Market Snapshot: Dow climbs more than 300 points ahead of July 4 holiday, U.S. stocks end higher after a bruising first half of 2022

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U.S. stocks closed higher Friday, shaking off earlier weakness that came after a disappointing gauge of manufacturing activity underlined fears that aggressive monetary tightening by the Federal Reserve could lead to a sharp slowdown.

How did stocks trade?
  • The Dow Jones Industrial Average DJIA, +1.05% rose 321.83 points, or 1%, to close at 31,097.26.
  • The S&P 500 SPX, +1.06% gained 39.95 points, or 1.1%, to finish at 3,825.33, snapping a four-day losing streak.
  • The Nasdaq Composite COMP, +0.90% rose 99.11 points, or 0.9%, to end at 11,127.85, also snapping four straight days of losses.

For the week, the Dow booked a 1.3% loss, while the S&P 500 fell 2.2% and the Nasdaq dropped 4.1%, according to FactSet data.

What drove markets?

Stocks ended higher Friday ahead of the July 4 holiday weekend, but all three major stock benchmarks still suffered weekly losses amid growth concerns in the U.S.  

“We’ve seen the multiple compression happen with this huge downdraft in the first half of the year, but “analysts have retained their earnings estimates for the most part up until the last week or two,” said Wayne Wicker, chief investment officer at MissionSquare Retirement, in a phone interview Friday. “Earnings estimates are probably going to be coming down in a wider range of companies.”

Stocks initially lost their footing after the Institute for Supply Management’s closely watched manufacturing index fell in June to a two-year low of 53%. Economists polled by The Wall Street Journal had forecast a fall to 54.3%, from 56.1% in May. A reading above 50% indicates an expansion in activity.

“Directionally, the manufacturing surveys are slowing,” said Wicker.

The ISM report showed high inflation remains a big problem for manufacturers, though price pressures eased. Meanwhile, a new orders subindex fell into contraction territory, underlining worries over a slowing economy.

A more encouraging message from the ISM index “is that shortages are easing more rapidly,” said Andrew Hunter, senior U.S. economist at Capital Economics.

“Overall, while the ISM index lends support to concerns that aggressive Fed tightening will drive a sharp slowdown in the economy, the details suggest that slowdown could result in a faster drop-back in inflation than many are now assuming,” he said.

The S&P 500 lost 20.6% in the first half of 2022, crushed by fears that central banks’ moves to raise interest rates in response to lingering high inflation may trigger contraction across many developed economies.

Read: Why this Morgan Stanley portfolio manager is ‘gradually’ getting less defensive in stocks as recession fears rise

U.S. markets will be closed on Monday for the Independence Day holiday.

Investors this year have been anxious about the possibility of the Federal Reserve triggering a recession by hiking its benchmark rate too much too fast as it attempts to tame high inflation.

“Until we get some signal from the Fed that they’re ready to either reduce the size of the hikes or pause, I don’t see how the market will really have the ability to create any sustained upside momentum,” said Randy Frederick, managing director of trading and derivatives at Charles Schwab, by phone Friday.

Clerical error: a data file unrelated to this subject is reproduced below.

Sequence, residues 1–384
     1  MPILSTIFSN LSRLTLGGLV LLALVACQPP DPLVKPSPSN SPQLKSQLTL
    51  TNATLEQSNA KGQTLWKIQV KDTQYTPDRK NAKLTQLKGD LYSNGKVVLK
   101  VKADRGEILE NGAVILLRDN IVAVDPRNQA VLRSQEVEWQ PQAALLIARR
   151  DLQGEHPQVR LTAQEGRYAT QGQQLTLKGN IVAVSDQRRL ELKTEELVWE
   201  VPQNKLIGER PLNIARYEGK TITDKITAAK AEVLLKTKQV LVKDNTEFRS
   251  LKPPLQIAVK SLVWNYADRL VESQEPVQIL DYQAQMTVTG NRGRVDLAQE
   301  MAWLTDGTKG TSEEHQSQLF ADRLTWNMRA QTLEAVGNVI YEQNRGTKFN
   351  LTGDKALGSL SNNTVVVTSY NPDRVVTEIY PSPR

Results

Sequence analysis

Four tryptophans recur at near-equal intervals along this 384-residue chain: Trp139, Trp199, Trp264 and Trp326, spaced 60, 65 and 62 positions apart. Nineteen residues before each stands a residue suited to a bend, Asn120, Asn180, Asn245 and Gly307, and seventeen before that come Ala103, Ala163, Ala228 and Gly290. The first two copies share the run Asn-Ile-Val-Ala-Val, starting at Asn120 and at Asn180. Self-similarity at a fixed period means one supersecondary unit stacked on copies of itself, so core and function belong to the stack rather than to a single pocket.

Central banks misjudged inflation and found themselves playing catch up, even if sharply tightening policy may cause an economic downturn, according to Richard Hunter, head of markets at Interactive Investor.

Read: Eurozone inflation rose to record high of 8.6% in June

“The imminent quarterly reporting season will heap pressure on companies to reverse the trend of declining sentiment. This will be no mean feat, given the pressure on margins and an uncertain outlook, and as seen in the previous quarter, earnings misses will be severely punished,” he said in a note to clients.

In the view of Charles Schwab’s Frederick, it’s “about time” for earnings revisions to start coming down. “Historically we know that analysts have been notoriously slow to bring down earnings expectations when we’re heading into a recession,” he said.

Which companies were in focus?

Opinion: The chip boom likely over, as Micron says it’s in a ‘downturn’

How did other assets fare?
  • The yield on the 10-year Treasury note TMUBMUSD10Y, 2.894% fell more than 7 basis points to 2.901%, the lowest since May 31 based on 3 p.m. Eastern Time Levels, according to Dow Jones Market Data. Bond yields and prices move in opposite directions.
  • The ICE U.S. Dollar Index DXY, +0.42%, a measure of the greenback’s strength against a basket of rivals, was up 0.4%.
  • Bitcoin BTCUSD was trading up 3.8% at $19,439.
  • In oil futures CL.1, +2.55%, West Texas Intermediate crude for August delivery CLQ22, +2.55% rose 2.5% to settle at $108.43 a barrel. U.S. oil prices gained 0.8% for the week.
  • Gold futures for August delivery GCQ22, +0.31% fell 0.3% to settle at $1,801.50 an ounce, marking the lowest finish for the most-active contract since February, according to Dow Jones Market Data.
  • In European equities, the Stoxx Europe 600 Index SXXP, -0.02% slipped less than 0.1% Friday and fell 1.4% for the week. London’s FTSE 100 Index was also little changed Friday, booking a weekly loss of 0.6%.
  • In Asia, Japan’s Nikkei 225 Index JP:NIK closed down 1.7% Friday, booking a 2.1% decline for the week. China’s Shanghai Composite Index CN:SHCOMP fell 0.3% Friday, but saw a weekly gain of 1.1%. The market for the Hang Seng Index in Hong Kong was closed Friday, but gained 0.6% for the week, according to Dow Jones Market Data.

—Jamie Chisholm contributed to this report.

This article was originally published by Marketwatch.com. Read the original article here.

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